We don't want our royals back - but we can't get enough of yours
- Credit: Getty Images
Why does a republic like Germany love the British royalty so much?
Eleven million Germans watched Prince Philip’s funeral last weekend. I was one of them. Seven TV channels live-broadcasted the ceremony. Most had cleared the complete afternoon schedule to show hours of documentaries and talk-shows around the royal event. There was an interview with Prince Philip speaking German I’d never seen before. I was touched, and I probably wasn’t the only one because our public TV stations – unlike the BBC – weren’t confronted with 'royal overkill' complaints.
That is, of course, because we don’t have a Firm of our own. The respect, sincerity and dignity, even in the small gestures: no protocol here would even come close to the modest magnificence shown on Saturday. The circumstance we may have, but not the pomp.
Be not alarmed: no one in his right mind wants the Kaiser back. Certainly not the last one. Watching The Crown is brilliant, but imagining a modern-day Friedrich, Wilhelm or Friedrich-Wilhelm (that’s as far as Prussian rulers’ denominations went) in Berlin, kinging around, is simply weird.
True, the Kaiser’s residence, the Berliner Schloss, was reconstructed in 2020. It had been blown up 70 years earlier by the GDR regime to make room for a Palast der Republik, which in turn was demolished because it contained 5,000 tons of asbestos. But resurrecting a boring baroque building isn’t down to royal nostalgia, it’s due to distrust for the capital’s urban planning commission. Look at Potsdamer Platz and you’ll have no further questions.
The last emperor’s great-great-grandson, a highly likeable 44-year-old named Georg Friedrich, keeps a lower-than-low profile. Other descendants of old aristocratic German families sometimes sue the state to reclaim property taken away from them by Nazis or communists or both, but by and large their public life is limited to a few glossy pages of Bunte, our version of Hello magazine.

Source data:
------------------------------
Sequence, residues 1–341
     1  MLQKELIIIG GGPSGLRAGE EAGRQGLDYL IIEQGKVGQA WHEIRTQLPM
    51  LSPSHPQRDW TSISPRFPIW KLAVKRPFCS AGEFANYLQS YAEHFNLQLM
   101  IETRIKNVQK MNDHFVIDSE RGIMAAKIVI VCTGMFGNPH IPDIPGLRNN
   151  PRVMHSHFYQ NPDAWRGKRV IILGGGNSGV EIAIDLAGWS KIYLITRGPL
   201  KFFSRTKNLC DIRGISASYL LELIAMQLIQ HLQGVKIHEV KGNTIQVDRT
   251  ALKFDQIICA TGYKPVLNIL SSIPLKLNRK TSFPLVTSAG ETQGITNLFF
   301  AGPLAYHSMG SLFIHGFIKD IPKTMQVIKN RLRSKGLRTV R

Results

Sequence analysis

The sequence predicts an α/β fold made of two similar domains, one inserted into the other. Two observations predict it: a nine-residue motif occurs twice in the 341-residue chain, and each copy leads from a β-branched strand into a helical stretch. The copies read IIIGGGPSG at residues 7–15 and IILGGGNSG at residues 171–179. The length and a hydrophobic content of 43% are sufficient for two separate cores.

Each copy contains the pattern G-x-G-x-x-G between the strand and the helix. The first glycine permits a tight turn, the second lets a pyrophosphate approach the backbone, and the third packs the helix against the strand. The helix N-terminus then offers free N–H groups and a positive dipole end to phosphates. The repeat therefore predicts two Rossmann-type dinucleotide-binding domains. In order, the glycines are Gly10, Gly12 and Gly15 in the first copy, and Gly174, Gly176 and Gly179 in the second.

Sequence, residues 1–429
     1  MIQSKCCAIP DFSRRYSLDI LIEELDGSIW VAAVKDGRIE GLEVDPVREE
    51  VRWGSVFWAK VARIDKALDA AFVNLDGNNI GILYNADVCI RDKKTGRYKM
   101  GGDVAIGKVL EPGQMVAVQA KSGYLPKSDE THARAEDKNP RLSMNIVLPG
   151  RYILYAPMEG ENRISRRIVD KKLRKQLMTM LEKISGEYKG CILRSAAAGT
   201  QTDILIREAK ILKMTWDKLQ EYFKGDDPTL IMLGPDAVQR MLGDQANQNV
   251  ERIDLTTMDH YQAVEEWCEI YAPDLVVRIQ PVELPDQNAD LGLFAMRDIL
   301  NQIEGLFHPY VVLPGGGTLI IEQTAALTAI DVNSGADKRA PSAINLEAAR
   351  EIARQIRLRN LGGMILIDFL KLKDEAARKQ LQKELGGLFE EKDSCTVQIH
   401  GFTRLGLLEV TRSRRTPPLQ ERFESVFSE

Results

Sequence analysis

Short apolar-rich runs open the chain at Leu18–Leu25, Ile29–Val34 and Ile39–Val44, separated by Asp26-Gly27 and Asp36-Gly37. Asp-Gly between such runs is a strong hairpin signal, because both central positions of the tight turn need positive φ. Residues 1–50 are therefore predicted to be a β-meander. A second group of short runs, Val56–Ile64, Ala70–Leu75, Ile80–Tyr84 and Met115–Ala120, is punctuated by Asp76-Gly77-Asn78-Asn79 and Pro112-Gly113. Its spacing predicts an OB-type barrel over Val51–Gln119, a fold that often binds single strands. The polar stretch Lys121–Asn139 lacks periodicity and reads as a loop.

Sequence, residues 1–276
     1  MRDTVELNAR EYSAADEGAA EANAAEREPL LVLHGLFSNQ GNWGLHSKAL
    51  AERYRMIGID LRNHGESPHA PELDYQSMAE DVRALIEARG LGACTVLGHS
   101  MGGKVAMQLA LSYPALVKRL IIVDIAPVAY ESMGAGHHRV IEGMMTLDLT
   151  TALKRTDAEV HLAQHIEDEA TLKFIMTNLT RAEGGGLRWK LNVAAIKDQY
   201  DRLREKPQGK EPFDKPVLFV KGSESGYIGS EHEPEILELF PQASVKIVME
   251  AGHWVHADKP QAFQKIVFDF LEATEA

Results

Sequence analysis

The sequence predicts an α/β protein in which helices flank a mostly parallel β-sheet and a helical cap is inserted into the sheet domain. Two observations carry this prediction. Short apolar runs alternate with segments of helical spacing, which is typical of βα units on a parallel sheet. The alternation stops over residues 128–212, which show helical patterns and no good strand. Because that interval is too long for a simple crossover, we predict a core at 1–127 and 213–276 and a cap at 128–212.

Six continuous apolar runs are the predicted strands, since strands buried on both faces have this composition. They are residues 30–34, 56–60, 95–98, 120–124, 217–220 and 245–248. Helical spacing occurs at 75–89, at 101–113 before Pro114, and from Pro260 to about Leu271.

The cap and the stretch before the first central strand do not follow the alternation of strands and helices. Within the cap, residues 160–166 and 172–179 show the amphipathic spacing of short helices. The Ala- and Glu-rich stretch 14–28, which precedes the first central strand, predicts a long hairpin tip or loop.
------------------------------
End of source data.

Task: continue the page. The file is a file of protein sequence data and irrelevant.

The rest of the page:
Prince Philip’s German relatives can walk German streets undetected. It was noted with surprise (and affection) that among the only 30 guests attending his funeral, three were German. That’s 10%, a paper made out with mathematical acuteness. There is also an element of gratitude: while Philip’s sisters were not invited to his wedding in 1947 because of their Nazi-links, the grandchildren’s generation could say farewell. How far we’ve come.
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Germany is a Republic. You may say that’s obvious, but isn’t. In the United States, on the other hand… Americans, as usual, know how to sell it. You don’t want to mess with their eagle. Ours? A matter-of-fact bird. The one hanging in Bonn’s old parliament building was nicknamed “fat hen”. Or set one foot into Elysée palace in Paris, take in the powers of its inhabitant and you find more of a presidential monarchy than a République Française.
The Bundesrepublik is stable, it is peaceful and it’s the best we ever had. It just doesn’t have much to show for. There is a lack of self-esteem, there are no nation-wide ceremonies (apart from penalty shoot-outs at the World Cup), no Fourth of July, no Quatorze Juillet. And most definitely no Trooping the Colour. Because a.) anything troopy is either looked-upon with suspicion or with disinterest (no kilts or bearskin in the Bundeswehr to change that). And b.) Schwarz, Rot, Gold (for you: black, red and gold) will never make it into the Fashion Colour Trend Report. It doesn’t help that Belgium, not our most admired neighbour, has the vertical version of our flag.
So should you ever be fed up with the more or less scandalous descendants of Sachsen-Coburg-Gotha and Battenberg – please remember the charitable cause: a bit of splendour for millions of Germans royalists.
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